But as important as the role processes and tools play in developing a common vocabulary. Without them. Change Management. etc. and Human Resources Management Process and Information Systems Management The success of the PMO relies on the existence of common processes and tools. The PMO Manager will take action by rebalancing the portfolio within the time-resource window defined for each project. The importance of these processes reside in that it is through them.Estimates to complete are reviewed to ascertain that all projects will be completed in the allocated time frames. see Figure 3-17.1 Processes and Information Systems Management. The notion of processes improvement embraced here is the one based on the notion of bottlenecks . 3.3 Support Processes The Support Processes provide the foundation on top of which all the processes operate. actions would need to be escalated to Senior Management for resolution.3. Similarly. They are the embodiment of the collective knowledge developed by the organization. the system is unmanageable. Of Eduardo Miranda © 2003 7 . is their value as intellectual capital and as a source of competitive advantage. Project Accounting. these are the only processes specifically assigned to it. Despite their low visibility. Quality Assurance. that the PMO can have a grip in what is really going-on in the projects without interfering with its work. See Figure 3-16. it is necessary that the system be designed to provide this information. Bottlenecks are activities or mechanisms that limit the throughput of system along a given dimension: time to market. if the training and evaluation of the project managers is not under the control of PMO it would be very difficult for the PMO Manager to exercise authority over them. Administrative Support. There are 8 fundamental support processes: • • • • • • • • 3. these processes are an essential component of the PMO. quality. Appropriate corrective actions are decided on the context of the Master and Resource Plans and not on the basis of the affected project alone. Measurement Process. Beyond those parameters. Improving in areas other than the bottleneck does not result in a performance increase at the system level. that resources will be freed on-time and that the impacts of cross project delays minimized. Procurement Management. For example by examining the activity logs of the Configuration Management system it is possible to determine the status of the work process or the number of changes requested by a sponsor but for this. furthermore in the case of the PMO as a repository or as a coach.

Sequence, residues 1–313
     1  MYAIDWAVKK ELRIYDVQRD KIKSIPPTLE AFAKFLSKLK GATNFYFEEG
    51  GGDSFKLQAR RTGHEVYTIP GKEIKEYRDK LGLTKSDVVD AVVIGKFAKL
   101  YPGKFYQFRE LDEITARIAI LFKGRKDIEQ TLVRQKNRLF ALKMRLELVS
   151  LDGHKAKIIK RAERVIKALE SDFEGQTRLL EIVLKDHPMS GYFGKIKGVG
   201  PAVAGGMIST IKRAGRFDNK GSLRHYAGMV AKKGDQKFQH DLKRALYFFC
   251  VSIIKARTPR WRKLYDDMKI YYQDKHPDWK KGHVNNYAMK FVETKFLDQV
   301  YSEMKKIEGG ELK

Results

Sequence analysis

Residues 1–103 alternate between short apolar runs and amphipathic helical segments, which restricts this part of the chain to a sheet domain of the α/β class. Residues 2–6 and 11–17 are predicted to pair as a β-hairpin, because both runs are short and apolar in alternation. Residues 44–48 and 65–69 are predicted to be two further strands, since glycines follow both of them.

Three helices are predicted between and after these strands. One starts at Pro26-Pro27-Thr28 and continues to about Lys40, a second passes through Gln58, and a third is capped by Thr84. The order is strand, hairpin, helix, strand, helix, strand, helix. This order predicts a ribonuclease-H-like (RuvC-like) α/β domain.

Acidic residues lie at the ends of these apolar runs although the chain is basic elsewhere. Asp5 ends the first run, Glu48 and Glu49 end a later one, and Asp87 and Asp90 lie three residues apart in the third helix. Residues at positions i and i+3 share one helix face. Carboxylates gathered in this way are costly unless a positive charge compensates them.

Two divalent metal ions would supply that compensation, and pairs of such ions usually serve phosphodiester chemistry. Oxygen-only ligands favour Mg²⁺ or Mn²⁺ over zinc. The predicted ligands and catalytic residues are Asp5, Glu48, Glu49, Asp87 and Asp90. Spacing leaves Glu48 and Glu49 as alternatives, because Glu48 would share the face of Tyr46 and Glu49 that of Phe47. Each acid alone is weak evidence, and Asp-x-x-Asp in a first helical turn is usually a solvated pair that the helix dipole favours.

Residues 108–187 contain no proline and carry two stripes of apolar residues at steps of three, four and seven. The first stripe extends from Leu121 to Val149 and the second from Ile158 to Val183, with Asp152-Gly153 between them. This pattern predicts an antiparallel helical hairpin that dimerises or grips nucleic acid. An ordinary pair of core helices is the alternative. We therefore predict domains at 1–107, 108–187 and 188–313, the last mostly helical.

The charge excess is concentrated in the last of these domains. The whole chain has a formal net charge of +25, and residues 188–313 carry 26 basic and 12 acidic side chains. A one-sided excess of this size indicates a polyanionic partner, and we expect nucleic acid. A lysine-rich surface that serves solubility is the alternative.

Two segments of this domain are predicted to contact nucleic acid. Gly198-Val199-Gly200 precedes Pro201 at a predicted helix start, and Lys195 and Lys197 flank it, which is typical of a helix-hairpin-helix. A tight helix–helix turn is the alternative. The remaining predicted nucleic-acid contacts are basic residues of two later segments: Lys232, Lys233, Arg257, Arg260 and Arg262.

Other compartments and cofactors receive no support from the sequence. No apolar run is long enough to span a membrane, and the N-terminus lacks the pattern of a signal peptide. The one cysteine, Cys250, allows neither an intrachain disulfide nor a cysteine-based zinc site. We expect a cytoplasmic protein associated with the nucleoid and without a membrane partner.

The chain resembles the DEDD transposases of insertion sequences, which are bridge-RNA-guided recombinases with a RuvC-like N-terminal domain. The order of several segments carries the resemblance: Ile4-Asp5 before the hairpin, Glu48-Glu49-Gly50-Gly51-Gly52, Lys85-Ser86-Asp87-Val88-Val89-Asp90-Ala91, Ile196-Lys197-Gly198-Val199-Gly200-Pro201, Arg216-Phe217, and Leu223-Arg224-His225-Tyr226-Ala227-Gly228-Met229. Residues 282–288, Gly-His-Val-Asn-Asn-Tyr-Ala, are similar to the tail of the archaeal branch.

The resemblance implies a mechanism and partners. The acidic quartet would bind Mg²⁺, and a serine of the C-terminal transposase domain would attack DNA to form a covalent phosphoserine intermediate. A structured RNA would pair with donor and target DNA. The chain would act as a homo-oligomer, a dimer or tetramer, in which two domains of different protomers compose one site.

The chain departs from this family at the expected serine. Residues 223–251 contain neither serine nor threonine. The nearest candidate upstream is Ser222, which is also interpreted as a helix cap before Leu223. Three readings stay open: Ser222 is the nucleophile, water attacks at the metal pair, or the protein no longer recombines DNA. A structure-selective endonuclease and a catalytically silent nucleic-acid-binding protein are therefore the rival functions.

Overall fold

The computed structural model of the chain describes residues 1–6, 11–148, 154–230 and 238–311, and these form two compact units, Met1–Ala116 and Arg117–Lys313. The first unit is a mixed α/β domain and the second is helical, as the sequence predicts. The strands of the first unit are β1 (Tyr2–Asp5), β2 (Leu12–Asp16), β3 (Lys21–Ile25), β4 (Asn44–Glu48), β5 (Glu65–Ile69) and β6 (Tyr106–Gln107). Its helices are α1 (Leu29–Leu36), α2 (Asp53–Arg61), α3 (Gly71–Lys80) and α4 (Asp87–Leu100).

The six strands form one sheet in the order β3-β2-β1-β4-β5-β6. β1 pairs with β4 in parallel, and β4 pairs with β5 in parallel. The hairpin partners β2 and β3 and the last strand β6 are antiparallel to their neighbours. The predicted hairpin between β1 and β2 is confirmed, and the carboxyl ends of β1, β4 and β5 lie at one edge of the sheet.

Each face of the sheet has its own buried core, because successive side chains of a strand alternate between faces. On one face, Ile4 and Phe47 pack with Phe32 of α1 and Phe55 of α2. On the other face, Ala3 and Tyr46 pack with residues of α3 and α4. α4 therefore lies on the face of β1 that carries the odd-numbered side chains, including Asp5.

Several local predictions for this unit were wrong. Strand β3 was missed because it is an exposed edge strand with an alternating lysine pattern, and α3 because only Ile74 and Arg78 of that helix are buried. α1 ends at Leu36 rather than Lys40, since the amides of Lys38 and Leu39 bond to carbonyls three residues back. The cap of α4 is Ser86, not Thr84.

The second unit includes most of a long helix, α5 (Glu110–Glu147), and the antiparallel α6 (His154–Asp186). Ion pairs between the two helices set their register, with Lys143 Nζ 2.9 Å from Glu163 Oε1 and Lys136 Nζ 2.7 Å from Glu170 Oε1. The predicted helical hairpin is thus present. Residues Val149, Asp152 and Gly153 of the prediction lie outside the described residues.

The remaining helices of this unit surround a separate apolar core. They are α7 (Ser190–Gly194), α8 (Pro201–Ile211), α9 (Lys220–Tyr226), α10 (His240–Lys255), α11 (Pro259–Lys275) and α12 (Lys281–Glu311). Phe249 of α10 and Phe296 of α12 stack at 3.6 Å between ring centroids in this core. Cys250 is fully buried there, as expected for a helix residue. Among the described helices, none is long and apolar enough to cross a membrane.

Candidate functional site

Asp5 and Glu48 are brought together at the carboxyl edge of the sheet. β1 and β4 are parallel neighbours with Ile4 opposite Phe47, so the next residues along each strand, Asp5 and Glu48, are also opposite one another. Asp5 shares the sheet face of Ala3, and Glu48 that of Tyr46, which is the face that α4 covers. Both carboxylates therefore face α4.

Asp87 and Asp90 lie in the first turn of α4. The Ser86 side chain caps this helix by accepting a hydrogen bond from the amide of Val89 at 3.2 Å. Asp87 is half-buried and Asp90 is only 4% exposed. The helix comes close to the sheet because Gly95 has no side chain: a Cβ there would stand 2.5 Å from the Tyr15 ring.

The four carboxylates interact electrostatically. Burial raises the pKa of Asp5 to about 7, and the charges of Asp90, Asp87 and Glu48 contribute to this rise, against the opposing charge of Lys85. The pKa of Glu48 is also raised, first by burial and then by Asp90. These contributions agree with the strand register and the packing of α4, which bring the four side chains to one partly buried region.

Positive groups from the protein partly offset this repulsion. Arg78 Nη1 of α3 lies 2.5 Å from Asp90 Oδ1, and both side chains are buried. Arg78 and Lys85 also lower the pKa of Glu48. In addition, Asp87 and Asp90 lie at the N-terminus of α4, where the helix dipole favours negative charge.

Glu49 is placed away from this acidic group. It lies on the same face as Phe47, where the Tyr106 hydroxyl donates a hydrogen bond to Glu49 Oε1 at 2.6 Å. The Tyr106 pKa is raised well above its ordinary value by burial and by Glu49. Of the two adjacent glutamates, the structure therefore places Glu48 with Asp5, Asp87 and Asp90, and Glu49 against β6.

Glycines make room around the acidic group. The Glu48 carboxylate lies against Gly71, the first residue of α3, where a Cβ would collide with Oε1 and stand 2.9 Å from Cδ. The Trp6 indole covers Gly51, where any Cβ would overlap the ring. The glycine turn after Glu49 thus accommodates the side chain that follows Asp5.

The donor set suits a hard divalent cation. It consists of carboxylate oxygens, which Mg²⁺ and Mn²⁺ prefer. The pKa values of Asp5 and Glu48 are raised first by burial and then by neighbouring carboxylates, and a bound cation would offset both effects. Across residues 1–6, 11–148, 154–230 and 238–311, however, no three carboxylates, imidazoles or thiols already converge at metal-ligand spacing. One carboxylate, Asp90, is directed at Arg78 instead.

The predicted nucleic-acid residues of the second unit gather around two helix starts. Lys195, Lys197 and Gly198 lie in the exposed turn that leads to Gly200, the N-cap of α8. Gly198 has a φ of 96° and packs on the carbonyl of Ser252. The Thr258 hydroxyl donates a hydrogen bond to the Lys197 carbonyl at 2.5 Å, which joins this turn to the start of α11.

Change management is a pervasive process that touches every aspect of the project work.course. Change management involves three interrelated efforts. see Figure 3-20: Requirements Management. tools. and Producing performance statistics. and of organization work products such as standards. By focusing the improvement work where it really matters. within the project it deals with the evolution of the project’s work products. Process and tools are improved based on information coming from industry. So by improving the improvement process we could achieve an improvement in the overall process. maintaining the integrity of baselines and providing accurate status and current configuration data to developers. contracts. The CM process involves: Identifying the configuration of selected work products that compose the baselines at given points in time. See Figure 3-18. Change Management Process Change and project work are inseparable. Configuration Management (CM). Change occurs naturally as part of the work that is done within the project. experience gained from the execution of projects and from the inventive and insight of PMO personnel. academia. Eduardo Miranda © 2003 8 . Face to the Project Sponsor. designated internal work products. in response to changes in the business environment and to changes in the wishes and needs of the project sponsors. requirements and specifications in a congruent state.2 Measurement Process The Measurement Process comprises three activities. Simply stated. not only we reduce cost but we also minimize disturbance to the ongoing which work. and other items that are used in creating and describing these work products. building or providing specifications to build work products from the configuration management system. which in turn results in less variability.3. Part of the management of requirements is to document requirements changes and rationale and maintain bi-directional traceability between source requirements and all product and product-component requirements . the purpose of change management is to maintain: plans. Performing the measurements. once we have removed a given constraint something else will become a bottleneck and the process will be repeated again and again. procedures. 3. end users. The purpose of the requirements management process is to manage the requirements of the project's products and product components and to identify inconsistencies between those requirements and the project's plans and work products.3 Planning the measurements. it deals with changes to the project scope.3. and customers . see Figure 3-19: • • • 3. acquired products. controlling changes to configuration items. and reuse libraries. The purpose of the CM process is to establish and maintain the integrity of project work products such as: products that are delivered to the customer.